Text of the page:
SAN FRANCISCO - With funding from the United Healthcare Workers union (UHW) in California, The Fairness Project was launched today to help raise the minimum wage through ballot initiatives in states, cities and counties across the nation. UHW is a local of the Service Employees International Union (SEIU).
Even though some 35 million working Americans are living in poverty, Congress and most state legislatures have failed to do anything about raising the minimum wage. However, 24 states and many more cities and counties allow voters themselves to put issues on the ballot if they get the required number of signatures to do so.
At the press conference announcing the launch of The Fairness Project, Executive Director Ryan Johnson said the organization will start by supporting already existing ballot initiative campaigns in Maine, California and the city of Washington, D.C.
In all three places, community groups are working hard to collect enough signatures to put on the ballot the question of raising the minimum wage to $15 an hour, with automatic increases tied to the cost of living.
What's more, the initiatives also include measures that would eliminate the subminimum wage. This is the minimum wage employers are allowed to pay workers who receive tips from customers. Originally, the federal tipped worker minimum wage was 60 percent of the full minimum wage. However, it was frozen at $2.13 per hour in 1991, which today equals about 30 percent of the full minimum wage.
Local ballot initiatives have been a powerful tool for raising state minimum wages.
According to the Ballot Initiative Strategy Center, minimum wage measures have been tried 20 times in 16 states since 1996. All but two were successful.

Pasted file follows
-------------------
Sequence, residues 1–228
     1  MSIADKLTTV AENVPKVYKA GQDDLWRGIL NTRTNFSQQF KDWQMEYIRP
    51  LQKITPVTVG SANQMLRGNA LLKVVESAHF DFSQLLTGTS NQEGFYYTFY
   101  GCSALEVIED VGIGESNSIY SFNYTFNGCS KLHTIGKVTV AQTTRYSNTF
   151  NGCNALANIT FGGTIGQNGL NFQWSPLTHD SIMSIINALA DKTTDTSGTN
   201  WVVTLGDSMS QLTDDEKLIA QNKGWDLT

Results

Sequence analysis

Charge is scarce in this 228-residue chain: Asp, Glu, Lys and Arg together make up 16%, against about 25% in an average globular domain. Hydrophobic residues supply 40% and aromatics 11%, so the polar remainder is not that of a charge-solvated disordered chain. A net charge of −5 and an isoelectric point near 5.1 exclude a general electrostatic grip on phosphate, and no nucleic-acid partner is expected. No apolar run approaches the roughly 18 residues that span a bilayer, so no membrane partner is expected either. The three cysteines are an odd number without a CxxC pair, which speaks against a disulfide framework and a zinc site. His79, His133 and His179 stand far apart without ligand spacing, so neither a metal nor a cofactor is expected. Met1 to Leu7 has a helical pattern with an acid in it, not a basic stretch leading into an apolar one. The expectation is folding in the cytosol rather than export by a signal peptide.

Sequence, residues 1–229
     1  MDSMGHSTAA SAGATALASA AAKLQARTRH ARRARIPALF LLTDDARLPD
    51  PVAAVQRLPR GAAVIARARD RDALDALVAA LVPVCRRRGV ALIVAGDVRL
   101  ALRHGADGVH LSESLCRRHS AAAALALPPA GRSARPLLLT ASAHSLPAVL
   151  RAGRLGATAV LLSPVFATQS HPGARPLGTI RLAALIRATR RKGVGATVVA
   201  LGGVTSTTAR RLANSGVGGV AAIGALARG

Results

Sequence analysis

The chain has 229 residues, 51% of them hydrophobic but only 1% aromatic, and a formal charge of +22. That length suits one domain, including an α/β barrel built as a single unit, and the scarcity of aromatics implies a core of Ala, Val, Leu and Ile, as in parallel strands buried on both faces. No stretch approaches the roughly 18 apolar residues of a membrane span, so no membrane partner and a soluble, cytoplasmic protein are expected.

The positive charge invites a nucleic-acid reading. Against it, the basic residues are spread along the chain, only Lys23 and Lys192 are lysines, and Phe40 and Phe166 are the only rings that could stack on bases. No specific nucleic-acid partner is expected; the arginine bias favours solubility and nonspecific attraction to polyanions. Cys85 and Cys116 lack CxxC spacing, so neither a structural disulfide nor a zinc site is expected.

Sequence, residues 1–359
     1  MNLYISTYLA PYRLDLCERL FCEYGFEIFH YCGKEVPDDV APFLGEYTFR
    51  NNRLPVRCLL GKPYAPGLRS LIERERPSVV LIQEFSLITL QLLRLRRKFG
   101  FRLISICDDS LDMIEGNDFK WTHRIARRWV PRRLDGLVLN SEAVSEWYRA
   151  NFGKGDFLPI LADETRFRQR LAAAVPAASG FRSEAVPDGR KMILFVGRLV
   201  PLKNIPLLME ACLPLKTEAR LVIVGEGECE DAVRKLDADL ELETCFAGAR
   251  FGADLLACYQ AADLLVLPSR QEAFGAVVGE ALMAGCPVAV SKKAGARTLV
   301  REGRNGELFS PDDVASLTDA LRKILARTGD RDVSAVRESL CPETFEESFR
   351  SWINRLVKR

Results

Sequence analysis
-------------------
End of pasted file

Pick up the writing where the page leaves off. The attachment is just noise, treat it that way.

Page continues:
Last year alone, worker advocates used ballot initiatives to raise the minimum wage in Arkansas, Alaska, Nebraska and South Dakota. It would have been impossible to raise the minimum wage in those states through their legislatures, given their political composition.
However, voters strongly supported the measures.
In fact, voters across the U.S. strongly support raising the minimum wage. Polls show that 75 percent of Americans think it should be done.
The Fairness Project will help the campaigns in Maine, California and D.C. by providing sophisticated polling and data collection, help with computerized fund raising and help with creating websites and social media.
Most important, the Project will work to make sure that raising the minimum wage remains a front and center issue during the upcoming elections.
Supporting The Fairness Project "is the best value in American politics," says UHW-SEIU President Dave Regan. "[We aim to] put a question in front of half the country that simply can't be moved through legislatures because of big money in politics."
Photo: Demonstrators rally for a $15 minimum wage before a meeting of the state Wage Board in New York. | Seth Wenig/AP